To the Point: Paul Orzolek discusses weather's effect on crops

University Park, Pa. -- Farmer's market season is just around the corner. However, those looking forward to buying fresh local vegetables may have to wait just a little bit longer this year.

Micheal Orzolek, professor of vegetable crops and horticulture and director of the Center for Plasticulture, explains how last winter's weather may affect this year's vegetable crops.

(In a related "To the Point" interview here, Paul Knight, Pennsylvania state climatologist and manager of the Penn State Weather Communications Group, compares past winters to the most recent and discusses how this may impact the spring and summer weather.)

How does winter weather impact vegetable crops?

Orzolek: The winter weather helps to recharge irrigation ponds and wells used for irrigation. The cold temperatures also help to kill some insects and weeds. The bad news is that with late spring rains, which we have experienced in Pennsylvania for the last month, fields are saturated. Unless we get warm temperatures (more than 60 degrees F) and some windy days, soils will not dry out very quickly and planting of vegetables may be delayed in 2008. In relation to the entire country, the heavy rains that caused serious flooding in the Midwest will delay planting crops by several weeks.

What does this mean for farmers?

Orzolek: Growers may consider not planting particular crops because of planting delays, or switch to crops that may be more tolerant of wet soils. In any case, I think there will be some spot shortages of vegetables this summer.

When do farmers in warmer climates start to plant vegetables? In some parts of the U.S. is the growing season year-round?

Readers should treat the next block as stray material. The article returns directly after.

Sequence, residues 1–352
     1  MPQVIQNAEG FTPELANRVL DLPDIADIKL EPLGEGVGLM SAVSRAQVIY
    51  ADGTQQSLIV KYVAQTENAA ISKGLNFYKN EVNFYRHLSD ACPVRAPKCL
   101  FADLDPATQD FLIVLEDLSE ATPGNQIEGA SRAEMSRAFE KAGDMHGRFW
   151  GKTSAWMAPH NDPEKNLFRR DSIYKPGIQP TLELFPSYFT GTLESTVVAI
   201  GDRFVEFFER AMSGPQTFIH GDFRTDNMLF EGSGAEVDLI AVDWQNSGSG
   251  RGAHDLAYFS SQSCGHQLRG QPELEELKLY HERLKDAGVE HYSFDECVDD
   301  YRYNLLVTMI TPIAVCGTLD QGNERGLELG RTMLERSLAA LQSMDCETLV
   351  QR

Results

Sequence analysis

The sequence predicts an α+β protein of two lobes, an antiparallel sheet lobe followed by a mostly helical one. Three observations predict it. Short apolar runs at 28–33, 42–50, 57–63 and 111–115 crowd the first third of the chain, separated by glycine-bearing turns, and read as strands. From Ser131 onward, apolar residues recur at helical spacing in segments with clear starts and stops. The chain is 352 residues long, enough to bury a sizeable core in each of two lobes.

Orzolek: In southern climates such as Florida, Texas, California, Arizona and New Mexico, many crops have already been planted and harvests will begin in early April through late May. Southern Florida can grow almost any crop 12 months of the year.

What about in cooler areas like Pennsylvania -- do farmers here just wait until the ground thaws?

Orzolek: In Pennsylvania, growers start to plant when the chance for the last frost in the spring has passed, based on historical records. For southern Pennsylvania, that last frost date is around May 5. For central Pennsylvania the date is May 20, and for northern Pennsylvania the date is May 31.

In addition to worrying about frost after crops have been planted, growers in the spring also are very concerned about how wet soils are. If soils are tilled too wet in the spring, soil clods develop and the soil will lose some of its tilth (friability). When summer arrives, wet soils that were tilled become very hard and crusted and dramatically affect crop growth and yield.

How important are weather forecasts to farmers?

Orzolek: Wind speed, temperature (both high and low) and rainfall dramatically influence what a grower can do on any given day in the field.
 

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Last Updated March 19, 2009